I never thought I’d have to live the rest of my life without my right hand. But that was before it happened. I woke up this morning thinking it’d be just another day in paradise. I drank my fruit-vegetable shake while contemplating the mysteries of the universe, but suddenly my dreamlike reverie was shattered by the burst of blue light emanating from my microwave.
Hmmm, I thought, why is that bizarre ultramarine-coloured stream of photons exiting my kitchen appliance? Surely the aliens don’t want my toast. They never have. The thing was, the aliens did want my toast.
“Greetings, Earthling,” one said as it crawled out of the microwave. “Hand over the toast or we toast your hand.”
Sarcastic aliens are the worst, I thought. Little did I know that sarcastic aliens were the least of my problems. That didn’t occur to me at that moment because I was being surrounded by sarcastic aliens demanding my toast and looking hungrily at my hand. Despite their attempts to disguise it, most were salivating enthusiastically. My hand was beginning to burn a little.
“Hand over the toast,” they insisted insistently. Reflexively, I clutched the piece of perfectly golden brown whole wheat bread covered in delectable grape jelly the perfect ratio of smooth-to-crunchy peanut butter closer to my chest, not caring that it would stain. My toast had to be saved.
“No,” I replied with vigor and the belief in the fact that I would save my toast.
One of the aliens, the fifth from the left, glanced towards the bluest of them all and eagerly asked, “Can we do it yet? Can we? Caaaaan weeeeeeeeeeeeeee?”
“We will tell you again,” said Mr. I-am-so-very-blue, ignoring his subordinate that had just spoken. “Hand over the toast and we will not toast your hand.”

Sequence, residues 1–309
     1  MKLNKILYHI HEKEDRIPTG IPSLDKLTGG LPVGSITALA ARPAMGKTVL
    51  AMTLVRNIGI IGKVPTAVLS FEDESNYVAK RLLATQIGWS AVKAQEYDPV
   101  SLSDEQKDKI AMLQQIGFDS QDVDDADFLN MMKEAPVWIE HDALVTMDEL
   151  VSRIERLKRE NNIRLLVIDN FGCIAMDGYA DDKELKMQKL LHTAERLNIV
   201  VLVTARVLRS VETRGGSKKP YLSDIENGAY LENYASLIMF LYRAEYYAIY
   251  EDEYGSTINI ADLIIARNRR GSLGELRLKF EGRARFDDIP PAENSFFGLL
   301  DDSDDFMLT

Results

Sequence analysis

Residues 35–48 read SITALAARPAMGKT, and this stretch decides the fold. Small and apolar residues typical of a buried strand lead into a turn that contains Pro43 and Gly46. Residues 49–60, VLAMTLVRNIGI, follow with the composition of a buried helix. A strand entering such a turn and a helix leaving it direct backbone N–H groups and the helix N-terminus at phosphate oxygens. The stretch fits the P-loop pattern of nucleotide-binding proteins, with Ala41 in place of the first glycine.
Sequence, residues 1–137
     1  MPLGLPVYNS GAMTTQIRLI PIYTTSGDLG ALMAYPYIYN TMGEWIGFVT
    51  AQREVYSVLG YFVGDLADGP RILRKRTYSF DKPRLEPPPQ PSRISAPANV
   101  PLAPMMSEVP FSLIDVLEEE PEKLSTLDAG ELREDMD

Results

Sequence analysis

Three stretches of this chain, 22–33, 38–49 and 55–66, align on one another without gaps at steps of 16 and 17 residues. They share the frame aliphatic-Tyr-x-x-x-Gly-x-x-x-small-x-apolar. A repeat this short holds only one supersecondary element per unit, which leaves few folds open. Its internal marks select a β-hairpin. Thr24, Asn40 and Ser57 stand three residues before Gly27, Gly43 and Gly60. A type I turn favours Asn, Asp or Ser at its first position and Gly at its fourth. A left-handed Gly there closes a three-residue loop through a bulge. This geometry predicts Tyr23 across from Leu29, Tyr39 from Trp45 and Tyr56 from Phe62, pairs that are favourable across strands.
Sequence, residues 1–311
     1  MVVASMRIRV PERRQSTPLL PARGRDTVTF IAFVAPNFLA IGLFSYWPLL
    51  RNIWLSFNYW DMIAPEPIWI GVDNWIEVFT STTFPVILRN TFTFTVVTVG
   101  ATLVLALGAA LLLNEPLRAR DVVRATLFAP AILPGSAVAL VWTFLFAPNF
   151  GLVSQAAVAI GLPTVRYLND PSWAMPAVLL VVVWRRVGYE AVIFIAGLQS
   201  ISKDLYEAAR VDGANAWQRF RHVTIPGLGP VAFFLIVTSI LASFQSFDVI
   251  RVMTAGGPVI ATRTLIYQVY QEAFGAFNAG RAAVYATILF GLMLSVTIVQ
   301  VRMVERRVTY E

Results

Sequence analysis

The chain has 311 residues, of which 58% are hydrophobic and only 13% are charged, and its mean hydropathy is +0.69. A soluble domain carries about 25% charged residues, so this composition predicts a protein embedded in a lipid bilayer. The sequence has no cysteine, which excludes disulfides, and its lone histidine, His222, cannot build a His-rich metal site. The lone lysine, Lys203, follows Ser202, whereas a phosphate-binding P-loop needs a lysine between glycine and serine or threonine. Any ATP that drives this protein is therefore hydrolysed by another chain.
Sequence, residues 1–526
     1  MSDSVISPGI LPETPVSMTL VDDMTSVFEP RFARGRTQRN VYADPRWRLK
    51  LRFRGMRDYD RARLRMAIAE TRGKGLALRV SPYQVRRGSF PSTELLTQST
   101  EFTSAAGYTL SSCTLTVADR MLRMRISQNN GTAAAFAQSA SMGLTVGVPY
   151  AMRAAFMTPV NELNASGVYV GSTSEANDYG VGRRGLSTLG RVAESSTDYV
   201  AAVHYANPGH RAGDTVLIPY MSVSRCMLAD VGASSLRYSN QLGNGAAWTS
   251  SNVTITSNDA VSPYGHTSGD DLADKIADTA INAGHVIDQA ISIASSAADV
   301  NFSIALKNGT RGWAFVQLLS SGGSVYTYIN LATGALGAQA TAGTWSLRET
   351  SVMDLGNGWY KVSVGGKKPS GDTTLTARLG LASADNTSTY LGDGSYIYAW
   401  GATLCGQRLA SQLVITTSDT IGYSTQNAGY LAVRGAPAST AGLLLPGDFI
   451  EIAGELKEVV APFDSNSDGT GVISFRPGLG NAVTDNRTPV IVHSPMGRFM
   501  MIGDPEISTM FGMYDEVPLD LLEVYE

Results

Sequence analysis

I frowned, not liking their ultimatum. On the one hand (no pun intended), I was fond of the idea of having–and keeping–all ten digits, but on the other, I was very partial to my toast. Making a split second decision, I ran out of my kitchen. Before long, the pounding of extraterrestrial boots could be heard throughout the house. But, Alleluiapraisethechoirofangelsonhigh, I had a plan.
Even if the aliens found the blueprint of the house that was sitting on the table by the television in the living room, they would not know that I had a secret laboratory under the basement. When I reached said place, I shouted, “Release the Rhino!” at the top of my lungs. The doors parted and I was safe.
It was only later that I realised my right hand had been severed and was now sitting on the other side of the steel portal I had come through. Oh well, at least I have my toast and left hand, I told myself. And I’m not human. Thank God for those starfish genes grafted into my already multi-species deoxyribonucleic acid.
After five minutes of patient waiting, I realised it had not been starfish genes but actually star-nosed mole genes the mad scientists had used. By then, though, I was already half dead from blood loss so there was nothing else I could do but eat my toast.
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